Bitcoin, USDC stablecoin rally after U.S. intervenes on SVB


SINGAPORE (Reuters) -Bitcoin and other cryptocurrencies rallied on Monday after U.S. authorities announced plans to limit the fallout from the collapse of Silicon Valley Bank (SVB) and as cryptocurrency firm Circle assured investors its peg was secure.

The U.S. Treasury and Federal Reserve announced a range of measures to stabilize the banking system and said depositors at SVB would have access to their deposits on Monday.

The moves came as authorities took possession of New York-based Signature Bank, the second bank failure in a matter of days.

Stablecoin USD Coin (USDC) recovered to $0.9917, closer to its par and up from last week’s lows around $0.88.

Over the weekend, USDC had lost its 1:1 dollar peg and hit a record low on Saturday on concerns over the exposure of Circle — the firm behind USDC — to Silicon Valley Bank.


Circle CEO Jeremy Allaire said in a tweet its $3.3 billion USDC reserve deposit held at the collapsed Silicon Valley Bank will be fully available when U.S. banks open Monday.

“Circle’s USDC operations will open for business, including with new automated settlement via our new partnership with Cross River Bank,” Allaire said.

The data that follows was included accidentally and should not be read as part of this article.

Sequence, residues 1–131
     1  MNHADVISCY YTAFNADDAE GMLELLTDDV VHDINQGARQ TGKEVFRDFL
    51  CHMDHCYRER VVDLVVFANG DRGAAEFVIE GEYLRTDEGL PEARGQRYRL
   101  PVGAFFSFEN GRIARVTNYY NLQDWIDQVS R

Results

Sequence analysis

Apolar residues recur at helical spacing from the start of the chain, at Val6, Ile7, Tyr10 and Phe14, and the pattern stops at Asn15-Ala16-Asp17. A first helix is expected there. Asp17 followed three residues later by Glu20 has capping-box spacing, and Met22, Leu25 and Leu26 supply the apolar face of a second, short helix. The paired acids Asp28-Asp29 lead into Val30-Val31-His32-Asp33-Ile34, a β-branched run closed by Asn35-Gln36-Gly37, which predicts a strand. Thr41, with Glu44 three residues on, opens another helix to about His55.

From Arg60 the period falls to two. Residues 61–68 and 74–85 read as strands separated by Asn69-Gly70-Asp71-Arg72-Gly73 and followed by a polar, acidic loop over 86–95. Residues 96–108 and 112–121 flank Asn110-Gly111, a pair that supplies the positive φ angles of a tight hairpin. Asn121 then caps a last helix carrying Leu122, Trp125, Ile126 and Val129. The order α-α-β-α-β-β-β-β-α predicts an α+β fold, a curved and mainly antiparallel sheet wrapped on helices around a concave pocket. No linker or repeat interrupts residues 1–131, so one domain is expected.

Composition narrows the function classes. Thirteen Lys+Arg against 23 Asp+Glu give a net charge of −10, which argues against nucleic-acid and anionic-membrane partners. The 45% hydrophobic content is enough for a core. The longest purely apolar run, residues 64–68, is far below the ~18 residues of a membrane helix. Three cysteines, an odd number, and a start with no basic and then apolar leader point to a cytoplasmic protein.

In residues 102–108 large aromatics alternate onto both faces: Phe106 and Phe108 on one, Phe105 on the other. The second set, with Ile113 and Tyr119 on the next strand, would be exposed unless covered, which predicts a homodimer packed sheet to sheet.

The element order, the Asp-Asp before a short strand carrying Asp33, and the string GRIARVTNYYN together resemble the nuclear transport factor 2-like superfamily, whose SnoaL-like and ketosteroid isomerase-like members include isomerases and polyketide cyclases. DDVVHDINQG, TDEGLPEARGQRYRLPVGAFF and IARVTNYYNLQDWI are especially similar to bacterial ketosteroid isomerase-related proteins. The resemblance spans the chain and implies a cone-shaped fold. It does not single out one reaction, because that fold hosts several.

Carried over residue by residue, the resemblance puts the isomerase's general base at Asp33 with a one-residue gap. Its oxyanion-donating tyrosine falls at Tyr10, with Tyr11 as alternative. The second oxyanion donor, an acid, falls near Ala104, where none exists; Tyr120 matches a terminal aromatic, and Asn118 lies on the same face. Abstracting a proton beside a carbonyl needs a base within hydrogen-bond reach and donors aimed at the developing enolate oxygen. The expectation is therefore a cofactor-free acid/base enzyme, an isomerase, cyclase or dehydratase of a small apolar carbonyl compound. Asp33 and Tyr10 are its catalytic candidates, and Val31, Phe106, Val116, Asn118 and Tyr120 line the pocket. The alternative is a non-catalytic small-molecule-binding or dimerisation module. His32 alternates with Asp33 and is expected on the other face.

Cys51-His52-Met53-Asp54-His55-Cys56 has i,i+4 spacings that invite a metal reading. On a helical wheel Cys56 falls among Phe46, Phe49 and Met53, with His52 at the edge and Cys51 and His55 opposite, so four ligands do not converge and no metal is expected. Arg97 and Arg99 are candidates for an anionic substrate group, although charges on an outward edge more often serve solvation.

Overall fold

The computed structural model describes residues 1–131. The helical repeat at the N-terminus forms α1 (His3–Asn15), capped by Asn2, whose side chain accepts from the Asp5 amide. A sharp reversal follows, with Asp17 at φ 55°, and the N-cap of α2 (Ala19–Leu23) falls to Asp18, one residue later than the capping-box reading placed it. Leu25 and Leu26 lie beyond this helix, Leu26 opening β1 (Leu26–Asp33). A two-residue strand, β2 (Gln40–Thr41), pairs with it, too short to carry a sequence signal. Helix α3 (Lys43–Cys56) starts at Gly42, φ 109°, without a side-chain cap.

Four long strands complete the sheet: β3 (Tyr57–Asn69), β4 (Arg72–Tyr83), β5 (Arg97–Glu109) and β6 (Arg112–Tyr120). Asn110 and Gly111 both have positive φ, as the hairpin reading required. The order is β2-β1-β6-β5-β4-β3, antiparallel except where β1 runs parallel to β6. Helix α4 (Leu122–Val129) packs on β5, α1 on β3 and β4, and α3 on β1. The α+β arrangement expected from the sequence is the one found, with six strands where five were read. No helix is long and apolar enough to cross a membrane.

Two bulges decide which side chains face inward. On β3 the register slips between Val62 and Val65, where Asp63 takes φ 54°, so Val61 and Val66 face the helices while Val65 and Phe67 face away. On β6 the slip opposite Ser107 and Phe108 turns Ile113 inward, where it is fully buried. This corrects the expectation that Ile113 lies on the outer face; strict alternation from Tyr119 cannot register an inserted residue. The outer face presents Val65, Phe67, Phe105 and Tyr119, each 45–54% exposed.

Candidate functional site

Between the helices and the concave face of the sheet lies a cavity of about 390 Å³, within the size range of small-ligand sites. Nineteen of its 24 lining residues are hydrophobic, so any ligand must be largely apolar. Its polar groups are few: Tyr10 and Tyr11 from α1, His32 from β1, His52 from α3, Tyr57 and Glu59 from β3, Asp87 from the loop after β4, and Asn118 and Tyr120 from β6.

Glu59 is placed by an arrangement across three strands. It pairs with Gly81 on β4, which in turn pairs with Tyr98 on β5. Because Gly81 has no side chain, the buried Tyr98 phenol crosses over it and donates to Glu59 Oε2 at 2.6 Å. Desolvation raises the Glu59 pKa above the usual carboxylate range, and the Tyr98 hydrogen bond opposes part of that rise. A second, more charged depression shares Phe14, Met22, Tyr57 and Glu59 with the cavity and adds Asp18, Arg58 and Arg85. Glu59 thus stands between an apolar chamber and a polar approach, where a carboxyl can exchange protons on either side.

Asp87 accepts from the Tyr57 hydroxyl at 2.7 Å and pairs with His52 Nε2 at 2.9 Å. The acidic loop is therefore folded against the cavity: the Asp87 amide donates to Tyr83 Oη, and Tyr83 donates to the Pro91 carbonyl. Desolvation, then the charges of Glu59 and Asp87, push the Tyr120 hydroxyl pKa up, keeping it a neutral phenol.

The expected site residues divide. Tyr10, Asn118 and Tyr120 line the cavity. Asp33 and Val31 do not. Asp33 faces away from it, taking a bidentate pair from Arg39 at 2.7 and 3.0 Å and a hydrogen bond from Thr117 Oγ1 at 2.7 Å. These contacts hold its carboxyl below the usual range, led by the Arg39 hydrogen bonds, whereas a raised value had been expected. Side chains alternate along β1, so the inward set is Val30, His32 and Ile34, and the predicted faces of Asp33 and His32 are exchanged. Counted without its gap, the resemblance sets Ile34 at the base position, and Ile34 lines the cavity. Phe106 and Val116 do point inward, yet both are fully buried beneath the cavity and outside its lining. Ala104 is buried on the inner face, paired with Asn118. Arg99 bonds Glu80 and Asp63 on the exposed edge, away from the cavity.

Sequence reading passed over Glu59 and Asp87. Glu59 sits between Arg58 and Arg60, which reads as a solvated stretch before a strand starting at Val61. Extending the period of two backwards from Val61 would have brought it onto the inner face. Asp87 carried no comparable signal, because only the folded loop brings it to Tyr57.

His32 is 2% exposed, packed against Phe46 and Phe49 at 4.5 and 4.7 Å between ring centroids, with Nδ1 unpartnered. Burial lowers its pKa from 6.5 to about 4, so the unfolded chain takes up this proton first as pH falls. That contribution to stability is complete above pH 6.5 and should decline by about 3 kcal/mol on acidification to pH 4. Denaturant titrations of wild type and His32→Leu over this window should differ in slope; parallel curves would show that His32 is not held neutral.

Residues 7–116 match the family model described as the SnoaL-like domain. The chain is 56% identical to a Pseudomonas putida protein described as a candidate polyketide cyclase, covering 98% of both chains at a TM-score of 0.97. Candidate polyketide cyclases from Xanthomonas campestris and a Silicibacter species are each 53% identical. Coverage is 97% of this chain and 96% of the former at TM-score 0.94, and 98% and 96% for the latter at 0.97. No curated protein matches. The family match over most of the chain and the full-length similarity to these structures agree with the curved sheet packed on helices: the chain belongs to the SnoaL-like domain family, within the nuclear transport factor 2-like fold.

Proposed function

Bitcoin was up about 8% from Sunday’s lows, trading at $22,568.

In U.S. premarket trading, cryptocurrency miners Riot Blockchain and Marathon Digital, crypto exchange Coinbase Global and software developer MicroStrategy Inc also rebounded from last week’s lows to gain between 6.5% and 10%.

Shares of Signature Bank were halted for trading.

U.S. officials said depositors of New York’s Signature Bank, which was closed on Sunday by the New York state financial regulator, would also be made whole at no loss to the taxpayer.

Signature, like SVB, had a clientele concentrated in the tech sector, and the securities on its balance sheet had eroded as interest rates rose. As of September, almost a quarter of Signature’s deposits came from the cryptocurrency sector, but the bank announced in December that it would shrink its crypto-related deposits by $8 billion.

Most analysts, however, cautioned against assuming all is well with market sentiment after these measures.

“Markets remain unsettled from the SVB failure,” said Alvin Tan, head of FX strategy at RBC Capital Markets in Singapore.

“The market turbulence sparked by SVB has upended rising market expectations on the Fed rate path. The situation is evolving, but volatility looks set to remain elevated in coming days.”

Crypto exchange Bitstamp, meanwhile, said it would continue to operate normally, despite Signature Bank’s failure.

Major exchange Binance said it would convert the remainder of a $1 billion industry recovery initiative fund from its BUSD stablecoin to native cryptocurrencies such as bitcoin, ether and Binance Coin, its CEO Changpeng Zhao said in a tweet on Monday, citing recent changes in stablecoins and the banking industry.

Binance launched the Industry Recovery Initiative (IRI) in November to help crypto projects facing a liquidity crisis after the collapse of rival FTX.

(Additional reporting by Shubham Kalia and Baranjot Kaur in Bangalore; Editing by Kim Coghill, Jacqueline Wong and Uttaresh Venkateshwaran)